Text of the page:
Devotion

What Suffering Reveals

by Greg Laurie on Jun 7, 2016
Then the Lord said to Satan, "Have you considered My servant Job, that there is none like him on the earth, a blameless and upright man, one who fears God and shuns evil?"

Most of us can accept the idea of suffering in general, especially when it comes as a consequence of bad behavior. We don’t have a problem with that.

What we do have a problem with is when bad things happen to people who are godly. It is not suffering that troubles us; it is undeserved suffering.

Job was not doing wrong; he was doing right. In fact, he was doing so well spiritually that God actually was bragging on him up in Heaven. Then one day, without warning, the bottom dropped out. The problem for poor Job was that he had never read the book of Job. He lived it in real time. And all he knew was that one day he woke up, and everything bad that could happen happened—and then even more bad things happened.

Sometimes God will use the worst to accomplish the best. It is then that we must trust Him. When the worst thing imaginable happened to Job, he fell down on his knees and said, "Naked I came from my mother’s womb, and naked shall I return there. The Lord gave, and the Lord has taken away; blessed be the name of the Lord " (Job 1:21).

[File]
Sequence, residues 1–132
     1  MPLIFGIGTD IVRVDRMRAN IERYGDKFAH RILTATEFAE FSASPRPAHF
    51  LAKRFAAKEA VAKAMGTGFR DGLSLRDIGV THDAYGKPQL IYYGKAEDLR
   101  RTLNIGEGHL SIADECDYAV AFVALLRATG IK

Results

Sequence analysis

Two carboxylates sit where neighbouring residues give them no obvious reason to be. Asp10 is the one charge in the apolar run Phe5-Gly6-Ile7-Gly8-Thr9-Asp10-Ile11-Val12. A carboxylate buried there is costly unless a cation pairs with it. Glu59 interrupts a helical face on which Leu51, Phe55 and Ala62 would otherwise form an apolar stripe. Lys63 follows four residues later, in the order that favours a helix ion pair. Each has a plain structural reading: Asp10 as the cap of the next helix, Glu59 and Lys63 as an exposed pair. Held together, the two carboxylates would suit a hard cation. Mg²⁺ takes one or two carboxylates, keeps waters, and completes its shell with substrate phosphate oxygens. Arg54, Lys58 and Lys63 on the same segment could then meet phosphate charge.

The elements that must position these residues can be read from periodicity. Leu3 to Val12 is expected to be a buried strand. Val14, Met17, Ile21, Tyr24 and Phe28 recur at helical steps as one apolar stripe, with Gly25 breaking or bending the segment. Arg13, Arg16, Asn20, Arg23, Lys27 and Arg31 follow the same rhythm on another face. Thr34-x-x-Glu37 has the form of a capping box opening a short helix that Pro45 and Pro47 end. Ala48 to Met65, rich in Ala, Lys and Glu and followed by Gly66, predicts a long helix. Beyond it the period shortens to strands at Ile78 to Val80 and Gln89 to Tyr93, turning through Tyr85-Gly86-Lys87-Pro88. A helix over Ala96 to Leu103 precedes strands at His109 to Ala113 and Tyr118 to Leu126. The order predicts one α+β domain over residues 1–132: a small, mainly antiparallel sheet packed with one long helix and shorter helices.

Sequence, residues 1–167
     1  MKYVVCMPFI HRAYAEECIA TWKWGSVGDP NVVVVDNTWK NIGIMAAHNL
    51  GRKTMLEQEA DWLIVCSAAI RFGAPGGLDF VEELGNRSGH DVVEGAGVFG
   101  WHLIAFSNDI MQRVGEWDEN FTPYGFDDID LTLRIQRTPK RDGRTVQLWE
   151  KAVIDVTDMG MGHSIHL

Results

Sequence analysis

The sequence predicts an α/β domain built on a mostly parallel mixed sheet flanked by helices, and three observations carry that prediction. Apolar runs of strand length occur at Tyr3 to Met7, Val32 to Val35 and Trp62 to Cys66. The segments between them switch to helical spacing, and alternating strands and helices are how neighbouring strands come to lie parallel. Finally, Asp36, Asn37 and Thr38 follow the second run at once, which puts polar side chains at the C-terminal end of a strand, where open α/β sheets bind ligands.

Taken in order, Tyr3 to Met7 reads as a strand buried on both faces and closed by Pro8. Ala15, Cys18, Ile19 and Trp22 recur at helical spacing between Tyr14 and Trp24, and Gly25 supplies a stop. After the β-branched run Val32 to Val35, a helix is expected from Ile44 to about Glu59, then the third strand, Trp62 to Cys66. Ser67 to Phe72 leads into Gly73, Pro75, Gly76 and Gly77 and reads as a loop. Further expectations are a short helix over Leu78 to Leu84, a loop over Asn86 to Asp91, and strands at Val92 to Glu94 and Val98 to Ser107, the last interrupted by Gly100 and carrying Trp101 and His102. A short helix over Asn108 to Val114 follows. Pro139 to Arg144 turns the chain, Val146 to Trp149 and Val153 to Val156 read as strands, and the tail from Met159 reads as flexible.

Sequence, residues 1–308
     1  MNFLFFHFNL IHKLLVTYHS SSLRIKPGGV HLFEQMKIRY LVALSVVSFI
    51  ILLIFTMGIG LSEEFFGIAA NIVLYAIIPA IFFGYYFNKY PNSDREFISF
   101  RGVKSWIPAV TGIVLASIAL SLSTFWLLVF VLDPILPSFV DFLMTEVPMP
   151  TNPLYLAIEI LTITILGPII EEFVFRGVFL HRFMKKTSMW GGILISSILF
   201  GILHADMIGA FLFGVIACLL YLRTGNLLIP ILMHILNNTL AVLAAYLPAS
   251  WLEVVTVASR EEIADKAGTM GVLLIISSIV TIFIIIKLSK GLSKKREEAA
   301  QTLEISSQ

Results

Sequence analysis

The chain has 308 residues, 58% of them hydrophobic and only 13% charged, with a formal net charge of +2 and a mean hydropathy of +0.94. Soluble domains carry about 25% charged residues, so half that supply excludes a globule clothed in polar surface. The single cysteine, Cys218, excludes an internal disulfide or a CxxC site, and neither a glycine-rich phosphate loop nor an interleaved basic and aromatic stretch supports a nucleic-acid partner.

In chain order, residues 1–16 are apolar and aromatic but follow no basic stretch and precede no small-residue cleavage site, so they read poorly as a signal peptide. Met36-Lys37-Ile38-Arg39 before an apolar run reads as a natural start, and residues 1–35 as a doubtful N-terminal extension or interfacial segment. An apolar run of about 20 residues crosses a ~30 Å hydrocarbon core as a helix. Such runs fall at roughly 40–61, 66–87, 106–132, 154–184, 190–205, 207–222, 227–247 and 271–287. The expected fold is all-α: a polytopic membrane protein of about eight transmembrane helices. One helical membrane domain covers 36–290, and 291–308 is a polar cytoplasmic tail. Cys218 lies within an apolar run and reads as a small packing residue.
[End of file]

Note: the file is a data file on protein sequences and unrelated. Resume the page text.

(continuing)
We admire that, and we should. If you have faith, your faith will get stronger when things get harder. If your faith doesn’t get stronger, then I wonder what kind of faith you have. A faith that cannot be tested is a faith that cannot be trusted. If your faith cannot survive adversity, then your faith isn’t real. It is through adversity that real faith grows stronger.

Job showed that he really was everything God said he was: a man of integrity, a man whom God could brag on. When the worst things happened, he stood tall.

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Deep reflection on the fundamental Christian messages of love, compassion, charity, and self-sacrifice are part of Henry “Red” Erwin’s story, as told by his grandson, Jon Erwin .

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